Latest News Archive

Please select Category, Year, and then Month to display items
Previous Archive
12 September 2019 | Story Valentino Ndaba | Photo Charl Devenish
Arbor tree plant
To celebrate National Arbor Week the University of the Free State has embarked on a drive to plant 150 trees during the month of September

If you’ve wondered whether Arbor Month was important, you only have to look at the destruction and long-term damage that deforestation causes to the environment and the world’s inhabitants. To observe National Arbor Month, the University of the Free State’s has (UFS) kick-started a drive to plant 150 trees during the month of September.

To launch this initiative, the Rector and Vice-Chancellor, Prof Francis Petersen, alongside members of the rectorate, assisted the University Estates team in planting the first 10 of 100 trees at the Bloemfontein Campus on Wednesday 4 September 2019. A total of 50 trees will be planted on the Qwaqwa Campus.

Towards a sustainable future

“We have gone through periods of drought in the Free State that have severely impacted not only the plants but the trees on our campuses. The idea is to emphasise sustainability, and as a university, we believe that sustainability is important. As an education institution, we have to look at the generations that are still to come to our campuses,” said Prof Petersen.

He urged the Kovsie community to ensure that all practices across the campuses are linked to global standards of sustainability. “As we develop over the next couple of months and years, we will get much closer alignment between what we are doing as a university and the Sustainable Development Goals.

Drought-resistant man-made forests

Clusters of mini forests across the campuses will be created with a variety of trees including the karee, white karee, white stinkwood, and wild olive. These indigenous trees can adapt well to different soils including those that are poorly drained.

Celebrating Arbor Week

This year’s campaign was held under the theme Forests and Sustainable Cities. As part of the celebration, University Estates made a commitment to the environment by embarking on the green initiative which includes other project such as the upgrade of Red Square on the Bloemfontein Campus.

News Archive

South Africa praised for dealing with its history
2012-07-12

“I listened to an incredible conversation on how South Africans can talk about the past. We failed to do that in the US. We cannot move on because we failed to name the ghosts in our past. I am honouring what South Africa is doing.”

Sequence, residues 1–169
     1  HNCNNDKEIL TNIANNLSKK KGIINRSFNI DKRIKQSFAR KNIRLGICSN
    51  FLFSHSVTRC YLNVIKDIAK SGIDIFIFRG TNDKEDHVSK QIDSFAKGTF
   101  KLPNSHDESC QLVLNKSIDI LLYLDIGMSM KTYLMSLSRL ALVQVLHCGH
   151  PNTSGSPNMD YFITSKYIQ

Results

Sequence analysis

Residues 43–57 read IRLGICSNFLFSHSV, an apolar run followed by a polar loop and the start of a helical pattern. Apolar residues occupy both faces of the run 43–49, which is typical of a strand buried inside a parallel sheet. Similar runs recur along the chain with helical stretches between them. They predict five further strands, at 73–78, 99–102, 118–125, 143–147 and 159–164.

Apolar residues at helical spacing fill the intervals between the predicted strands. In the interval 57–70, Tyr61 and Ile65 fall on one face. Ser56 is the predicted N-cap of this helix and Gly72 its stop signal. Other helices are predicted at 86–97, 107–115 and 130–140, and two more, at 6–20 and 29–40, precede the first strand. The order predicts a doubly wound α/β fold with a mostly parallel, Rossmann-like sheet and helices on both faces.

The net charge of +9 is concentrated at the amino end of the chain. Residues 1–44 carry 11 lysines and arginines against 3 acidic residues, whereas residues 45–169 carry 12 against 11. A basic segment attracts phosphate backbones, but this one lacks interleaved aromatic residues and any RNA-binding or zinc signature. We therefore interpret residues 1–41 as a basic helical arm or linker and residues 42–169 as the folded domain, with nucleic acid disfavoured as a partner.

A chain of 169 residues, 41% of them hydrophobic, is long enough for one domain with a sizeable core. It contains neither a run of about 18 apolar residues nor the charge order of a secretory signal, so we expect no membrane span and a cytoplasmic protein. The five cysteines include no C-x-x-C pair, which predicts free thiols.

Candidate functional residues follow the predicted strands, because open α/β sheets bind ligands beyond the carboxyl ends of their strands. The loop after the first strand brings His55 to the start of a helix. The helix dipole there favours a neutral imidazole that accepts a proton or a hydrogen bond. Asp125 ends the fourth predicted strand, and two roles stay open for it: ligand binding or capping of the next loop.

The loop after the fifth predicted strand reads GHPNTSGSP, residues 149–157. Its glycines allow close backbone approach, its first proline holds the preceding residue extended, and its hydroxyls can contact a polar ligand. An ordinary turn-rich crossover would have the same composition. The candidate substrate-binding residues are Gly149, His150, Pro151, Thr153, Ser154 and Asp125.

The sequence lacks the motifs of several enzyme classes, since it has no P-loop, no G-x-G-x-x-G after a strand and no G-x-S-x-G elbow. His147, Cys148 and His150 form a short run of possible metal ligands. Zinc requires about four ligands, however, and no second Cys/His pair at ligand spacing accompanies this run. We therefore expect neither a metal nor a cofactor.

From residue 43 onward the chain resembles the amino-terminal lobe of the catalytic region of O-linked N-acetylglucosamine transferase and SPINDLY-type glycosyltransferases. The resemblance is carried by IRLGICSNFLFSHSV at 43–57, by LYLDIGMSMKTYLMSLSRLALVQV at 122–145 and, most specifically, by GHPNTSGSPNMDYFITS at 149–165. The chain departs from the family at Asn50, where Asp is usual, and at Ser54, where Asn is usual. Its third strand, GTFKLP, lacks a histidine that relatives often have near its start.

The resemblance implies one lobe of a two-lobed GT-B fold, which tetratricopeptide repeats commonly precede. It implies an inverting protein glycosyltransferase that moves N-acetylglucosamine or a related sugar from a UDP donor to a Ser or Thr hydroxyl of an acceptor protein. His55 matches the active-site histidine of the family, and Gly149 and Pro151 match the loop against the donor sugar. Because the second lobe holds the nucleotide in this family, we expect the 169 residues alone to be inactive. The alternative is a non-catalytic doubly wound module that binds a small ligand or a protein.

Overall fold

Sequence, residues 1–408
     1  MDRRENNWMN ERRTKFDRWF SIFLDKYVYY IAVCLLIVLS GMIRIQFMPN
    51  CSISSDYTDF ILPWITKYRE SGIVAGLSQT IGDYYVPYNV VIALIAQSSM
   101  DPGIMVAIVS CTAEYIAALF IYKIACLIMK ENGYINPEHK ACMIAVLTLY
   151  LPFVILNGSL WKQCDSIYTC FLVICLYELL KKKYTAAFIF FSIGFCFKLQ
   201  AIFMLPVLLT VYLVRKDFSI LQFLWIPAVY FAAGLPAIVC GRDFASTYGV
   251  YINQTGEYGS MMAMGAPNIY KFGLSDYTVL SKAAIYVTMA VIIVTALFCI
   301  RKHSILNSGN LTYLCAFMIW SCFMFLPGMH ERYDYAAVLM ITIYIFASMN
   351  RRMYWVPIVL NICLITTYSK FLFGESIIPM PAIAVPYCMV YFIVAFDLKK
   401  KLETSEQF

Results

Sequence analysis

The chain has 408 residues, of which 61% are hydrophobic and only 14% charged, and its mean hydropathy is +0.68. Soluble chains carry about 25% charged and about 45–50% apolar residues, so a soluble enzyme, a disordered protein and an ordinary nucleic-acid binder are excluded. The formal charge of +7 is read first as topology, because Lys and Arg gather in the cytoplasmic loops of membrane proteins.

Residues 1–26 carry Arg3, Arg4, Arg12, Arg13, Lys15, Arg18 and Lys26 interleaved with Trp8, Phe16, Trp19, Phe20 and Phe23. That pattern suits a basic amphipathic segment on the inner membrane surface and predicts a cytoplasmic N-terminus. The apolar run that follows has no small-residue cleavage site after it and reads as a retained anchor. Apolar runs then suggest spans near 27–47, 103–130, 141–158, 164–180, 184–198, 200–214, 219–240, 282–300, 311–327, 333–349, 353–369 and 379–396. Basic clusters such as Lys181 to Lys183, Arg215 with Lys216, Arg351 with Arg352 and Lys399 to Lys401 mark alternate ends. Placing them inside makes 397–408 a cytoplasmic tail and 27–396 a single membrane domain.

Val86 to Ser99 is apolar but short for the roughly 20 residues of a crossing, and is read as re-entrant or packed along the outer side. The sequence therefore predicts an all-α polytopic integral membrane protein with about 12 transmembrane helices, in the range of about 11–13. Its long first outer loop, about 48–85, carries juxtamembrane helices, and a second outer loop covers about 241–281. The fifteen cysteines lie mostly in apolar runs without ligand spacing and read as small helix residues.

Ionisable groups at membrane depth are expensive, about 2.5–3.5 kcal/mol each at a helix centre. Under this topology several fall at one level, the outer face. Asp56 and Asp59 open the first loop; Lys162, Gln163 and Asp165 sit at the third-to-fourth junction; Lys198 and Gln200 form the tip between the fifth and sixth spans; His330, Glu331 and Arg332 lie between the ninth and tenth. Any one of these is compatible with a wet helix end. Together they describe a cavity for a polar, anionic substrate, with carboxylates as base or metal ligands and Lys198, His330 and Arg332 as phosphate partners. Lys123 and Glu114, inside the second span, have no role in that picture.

These are the words of a staff delegate from a university in the USA in a case study at the Global Leadership Summit led by Prof. André Keet, Director of the International Institute for Studies in Race, Reconciliation and Social Justice at the University of the Free State (UFS).

Students and academics from universities in the USA, Belgium, the Netherlands and Japan are attending a Global Leadership Summit with the theme “Transcending Boundaries in Global Change Leadership” at the UFS.

In the case study, symbols on the Bloemfontein Campus such as the MT Steyn Statue, Justitia symbol of justice at the building of the Faculty of Law, the artwork Van hier tot daar, and the Women’s Memorial were presented to the audience and the question was asked if they had to be removed or if they had to remain.

Students overwhelmingly felt that symbols of the past had to remain. Here are some of the comments:

  • “Without our past we would not be here today. Without the past, we would not know why we are here or where we are going.”
  • “It is important for students that it remains on campus, as a reminder that history must not repeat itself.”
  • “There is room for new symbols. We must look back but must also look at the future.”
  • “We must resolve the problems of the past and move on.”
  • “We must remember that we cannot go back there again. We must not take away part of other people’s history.”
  • “Symbols must be contextualised.”
  •  “Don’t look in the rear mirror, but through the windscreen where you are going. The windscreen is far bigger.”

One student said the statute of MT Steyn filled him with anger.

Prof. Keet said the act of running away from the ghosts of the past was a way to keep those ghosts alive. The past cannot be dealt with, only visited. The ghosts connect people with the past and allow the past to be present in the now.
 

We use cookies to make interactions with our websites and services easy and meaningful. To better understand how they are used, read more about the UFS cookie policy. By continuing to use this site you are giving us your consent to do this.

Accept